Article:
Origins? CAMAQUI is a South Korean brand yet these hatchets are hand-forged in Pakistan under the control of the South Korean home office. In terms of construction, the head of this hatchet is hand-made of high carbon steel, and the hickory wood handle is designed to ergonomic standards.
A heavy-duty cow leather sheath is included when you buy this product, and you also get a 100-percent satisfaction guarantee. That stated, finding one of these hatchets is going to be a challenge. We even visited a website in Kuwait that sells survival gear, but they have no idea when they will be restocked by CAMAQUI either!
Would anybody be surprised to find that included among the products profiled in this review is a sleek Bear Grylls hatchet? Probably not. Grylls has an endorsement deal with Gerber, and the collaboration drives sales, especially for this clever dude’s many fans. Featuring the signature BG logo on the handle, this full tang, hard carbon steel blade is ready to make swift, precise cuts with each blow you strike, and because the handle is ergonomically designed, you can feel confident that you won’t lose your grip even if things get wet or sweaty.
The nylon sheath accompanying this hatchet is crafted of mildew-resistant nylon, and the belt loop allows you to keep it close at hand but safe while it’s not in use. Gerber reminds shoppers that this tool is “Wild tested, Bear Grylls approved,” but sadly, they may not be able to tell you where you can find one because, like other popular hatchets described in this review, this Gerber/Grylls model also sells out fast.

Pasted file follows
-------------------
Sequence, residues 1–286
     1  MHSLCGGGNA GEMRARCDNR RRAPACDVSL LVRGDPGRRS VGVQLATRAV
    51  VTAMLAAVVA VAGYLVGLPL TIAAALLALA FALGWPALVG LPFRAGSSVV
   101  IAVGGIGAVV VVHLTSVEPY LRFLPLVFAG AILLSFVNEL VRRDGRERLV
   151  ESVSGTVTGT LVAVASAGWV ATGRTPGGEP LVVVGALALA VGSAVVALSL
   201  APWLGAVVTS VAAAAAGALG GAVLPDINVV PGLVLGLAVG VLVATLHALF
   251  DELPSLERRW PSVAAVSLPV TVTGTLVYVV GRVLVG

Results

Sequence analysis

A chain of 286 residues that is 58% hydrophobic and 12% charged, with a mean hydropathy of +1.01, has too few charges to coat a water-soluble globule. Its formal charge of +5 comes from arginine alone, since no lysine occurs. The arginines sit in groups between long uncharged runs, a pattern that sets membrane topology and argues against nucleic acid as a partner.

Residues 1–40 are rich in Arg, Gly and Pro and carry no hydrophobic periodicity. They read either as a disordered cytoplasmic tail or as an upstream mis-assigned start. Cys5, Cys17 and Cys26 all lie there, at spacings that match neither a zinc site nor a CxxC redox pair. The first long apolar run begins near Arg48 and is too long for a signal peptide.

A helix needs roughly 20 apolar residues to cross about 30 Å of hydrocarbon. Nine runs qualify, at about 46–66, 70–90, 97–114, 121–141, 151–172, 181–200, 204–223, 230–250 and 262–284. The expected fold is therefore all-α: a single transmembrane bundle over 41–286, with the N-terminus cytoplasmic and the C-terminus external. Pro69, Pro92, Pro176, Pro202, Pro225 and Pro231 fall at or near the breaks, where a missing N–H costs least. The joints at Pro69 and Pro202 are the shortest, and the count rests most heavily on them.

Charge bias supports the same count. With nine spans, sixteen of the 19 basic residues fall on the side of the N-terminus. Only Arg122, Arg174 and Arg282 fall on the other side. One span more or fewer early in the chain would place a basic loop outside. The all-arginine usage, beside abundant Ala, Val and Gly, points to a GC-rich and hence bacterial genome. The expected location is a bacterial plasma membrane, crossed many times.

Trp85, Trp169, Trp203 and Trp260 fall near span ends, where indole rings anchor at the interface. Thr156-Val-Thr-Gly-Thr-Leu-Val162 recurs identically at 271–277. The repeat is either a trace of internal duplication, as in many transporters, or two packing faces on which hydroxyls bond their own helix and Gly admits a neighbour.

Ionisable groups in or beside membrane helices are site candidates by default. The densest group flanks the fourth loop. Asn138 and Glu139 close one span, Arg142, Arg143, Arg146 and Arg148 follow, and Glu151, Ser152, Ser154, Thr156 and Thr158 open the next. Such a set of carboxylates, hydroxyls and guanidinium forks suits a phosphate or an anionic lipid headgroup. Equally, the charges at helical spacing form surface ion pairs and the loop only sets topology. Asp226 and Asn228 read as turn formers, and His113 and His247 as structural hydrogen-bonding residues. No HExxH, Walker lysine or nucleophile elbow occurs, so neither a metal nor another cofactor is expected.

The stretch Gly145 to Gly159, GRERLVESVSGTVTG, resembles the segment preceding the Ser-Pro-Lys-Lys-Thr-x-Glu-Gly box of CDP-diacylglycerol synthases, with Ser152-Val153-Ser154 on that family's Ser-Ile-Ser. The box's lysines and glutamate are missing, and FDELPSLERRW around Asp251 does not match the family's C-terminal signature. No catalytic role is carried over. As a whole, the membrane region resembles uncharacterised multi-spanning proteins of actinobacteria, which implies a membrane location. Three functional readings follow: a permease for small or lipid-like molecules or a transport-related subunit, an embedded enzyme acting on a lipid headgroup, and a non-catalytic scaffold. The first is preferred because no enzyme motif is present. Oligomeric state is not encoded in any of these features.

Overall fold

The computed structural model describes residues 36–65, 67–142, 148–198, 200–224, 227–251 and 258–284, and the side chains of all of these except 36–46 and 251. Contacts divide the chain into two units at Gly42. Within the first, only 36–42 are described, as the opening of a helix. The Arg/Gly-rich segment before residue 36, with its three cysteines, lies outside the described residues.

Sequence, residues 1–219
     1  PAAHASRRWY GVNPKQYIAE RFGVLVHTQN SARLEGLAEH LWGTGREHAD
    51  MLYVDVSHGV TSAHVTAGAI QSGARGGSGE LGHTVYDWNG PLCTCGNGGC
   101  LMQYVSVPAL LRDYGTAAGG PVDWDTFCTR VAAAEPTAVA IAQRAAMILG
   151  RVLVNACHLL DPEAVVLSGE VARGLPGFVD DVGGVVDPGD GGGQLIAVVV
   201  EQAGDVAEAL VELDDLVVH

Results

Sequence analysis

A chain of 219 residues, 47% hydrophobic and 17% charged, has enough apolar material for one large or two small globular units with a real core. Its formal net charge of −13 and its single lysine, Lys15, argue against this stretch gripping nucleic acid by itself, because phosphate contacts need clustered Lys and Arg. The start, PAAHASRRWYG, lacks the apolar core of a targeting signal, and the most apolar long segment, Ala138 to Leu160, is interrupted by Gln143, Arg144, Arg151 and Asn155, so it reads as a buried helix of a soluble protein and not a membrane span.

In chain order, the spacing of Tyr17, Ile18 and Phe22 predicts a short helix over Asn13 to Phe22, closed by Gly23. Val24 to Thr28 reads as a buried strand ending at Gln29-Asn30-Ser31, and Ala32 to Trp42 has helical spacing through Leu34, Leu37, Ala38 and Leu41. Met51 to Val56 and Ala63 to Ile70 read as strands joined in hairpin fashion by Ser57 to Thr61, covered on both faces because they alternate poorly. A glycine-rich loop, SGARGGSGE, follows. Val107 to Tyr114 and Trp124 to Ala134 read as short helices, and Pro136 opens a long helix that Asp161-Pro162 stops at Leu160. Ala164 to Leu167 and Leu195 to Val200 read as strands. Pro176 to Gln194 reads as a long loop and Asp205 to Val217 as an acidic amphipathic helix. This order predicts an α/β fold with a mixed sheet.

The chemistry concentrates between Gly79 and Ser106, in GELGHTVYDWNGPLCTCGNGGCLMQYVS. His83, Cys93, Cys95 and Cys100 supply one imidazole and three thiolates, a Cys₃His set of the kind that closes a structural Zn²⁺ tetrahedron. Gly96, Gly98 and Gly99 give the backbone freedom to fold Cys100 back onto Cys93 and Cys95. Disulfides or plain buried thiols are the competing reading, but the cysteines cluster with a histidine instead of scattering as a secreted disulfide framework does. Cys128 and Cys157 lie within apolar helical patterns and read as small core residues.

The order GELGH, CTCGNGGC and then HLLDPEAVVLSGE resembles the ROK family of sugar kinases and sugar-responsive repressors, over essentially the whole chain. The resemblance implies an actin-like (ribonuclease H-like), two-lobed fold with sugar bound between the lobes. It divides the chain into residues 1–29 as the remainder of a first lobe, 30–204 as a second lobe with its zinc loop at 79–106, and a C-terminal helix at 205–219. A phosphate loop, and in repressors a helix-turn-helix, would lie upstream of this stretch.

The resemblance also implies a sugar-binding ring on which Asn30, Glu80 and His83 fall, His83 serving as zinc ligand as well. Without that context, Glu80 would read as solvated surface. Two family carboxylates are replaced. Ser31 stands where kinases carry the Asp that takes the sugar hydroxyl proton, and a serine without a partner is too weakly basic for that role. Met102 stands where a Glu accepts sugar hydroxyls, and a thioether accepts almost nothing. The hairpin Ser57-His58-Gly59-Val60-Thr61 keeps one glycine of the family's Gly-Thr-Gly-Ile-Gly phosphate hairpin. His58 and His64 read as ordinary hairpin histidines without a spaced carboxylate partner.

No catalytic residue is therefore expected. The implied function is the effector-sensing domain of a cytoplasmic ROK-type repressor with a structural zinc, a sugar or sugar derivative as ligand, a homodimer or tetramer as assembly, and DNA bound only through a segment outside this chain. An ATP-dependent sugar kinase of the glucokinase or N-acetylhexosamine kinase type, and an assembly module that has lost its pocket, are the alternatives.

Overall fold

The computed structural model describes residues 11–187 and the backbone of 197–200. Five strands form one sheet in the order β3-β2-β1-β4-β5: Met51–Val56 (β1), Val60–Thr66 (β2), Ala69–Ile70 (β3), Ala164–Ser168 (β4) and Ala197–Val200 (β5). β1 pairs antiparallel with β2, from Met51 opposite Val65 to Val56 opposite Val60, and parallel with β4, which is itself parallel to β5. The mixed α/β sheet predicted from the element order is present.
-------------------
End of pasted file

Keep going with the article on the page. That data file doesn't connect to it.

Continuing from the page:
That stated, if you find one, the good news is that you won’t pay a fortune for it. There’s just a dollar or two difference between the price tag on this Gerber and those made by SOG FastHawk and Estwing Sportsman. Good luck with your search!
Hatchet vs Axe – What’s the difference?
You’ve probably already noticed that amid the 9 recommendations covered in this review, most refer to this tool as a hatchet while only one refers to itself as an axe (the Estwing Sportsman), so you may be wondering why it was included. We’ve got your answer courtesy of MensGear.net. While the terms tend to be interchangeable, the differences can be found in the size of each tool.